The Helix table is architecturally different from most tables, and it can be used in multiple ways. The top is glass. The base mimics a bit of DNA architecture. It uses straight components, "sticks", joined in such a way to as to appear as sinuous curves.
The base is actually two identical, independent components that abut in the middle. The components can be separated into “end tables”; or, they can be turned on their side to give an entirely different look; or, they can be stacked to yield interesting sculptural forms.
This table is clearly an attempt to honor the work of Marc Chagall. It is also designed and built as an expression of my own ethnic identity.
The table features four different marquetry panels inspired by the dream-like images of Chagall. The piece has a parallelogram shape: The top is parallel to the ground; the sides meet at 80 deg. and 100 deg. instead of 90 deg. The shape produces a bit of uncertainty, a feeling that something is not quite right. These architectural qualities are intended to complement or, perhaps, amplify the surrealistic quality of the Chagall imagery.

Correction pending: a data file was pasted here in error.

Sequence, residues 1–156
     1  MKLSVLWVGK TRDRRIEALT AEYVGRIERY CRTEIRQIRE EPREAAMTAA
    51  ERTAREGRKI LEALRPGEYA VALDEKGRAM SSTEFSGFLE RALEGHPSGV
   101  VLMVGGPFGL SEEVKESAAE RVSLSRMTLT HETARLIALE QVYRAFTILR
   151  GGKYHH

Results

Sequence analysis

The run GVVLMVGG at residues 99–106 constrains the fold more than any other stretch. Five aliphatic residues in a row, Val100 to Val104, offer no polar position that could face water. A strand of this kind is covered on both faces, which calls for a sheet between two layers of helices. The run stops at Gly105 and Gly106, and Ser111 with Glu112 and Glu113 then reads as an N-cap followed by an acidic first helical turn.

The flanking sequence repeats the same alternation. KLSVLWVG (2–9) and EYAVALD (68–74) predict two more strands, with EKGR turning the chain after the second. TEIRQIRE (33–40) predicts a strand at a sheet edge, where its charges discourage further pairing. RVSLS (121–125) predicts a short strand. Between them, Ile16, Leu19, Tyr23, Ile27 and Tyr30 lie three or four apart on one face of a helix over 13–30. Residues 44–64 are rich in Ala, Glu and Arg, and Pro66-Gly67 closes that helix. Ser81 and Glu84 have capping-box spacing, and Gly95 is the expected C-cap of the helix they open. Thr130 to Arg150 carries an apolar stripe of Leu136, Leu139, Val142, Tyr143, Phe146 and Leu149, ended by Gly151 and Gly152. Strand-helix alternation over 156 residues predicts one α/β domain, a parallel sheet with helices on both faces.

I love making music stands because they have moving parts: the height and the angle of the tray are adjustable. And, in spite of its simplicity, a music stand affords many design opportunities in the base, in the tray, and in the adjustment mechanisms. This particular stand has graceful bent legs, a Kumiko tray, and wooden adjustment mechanisms accented with rosewood.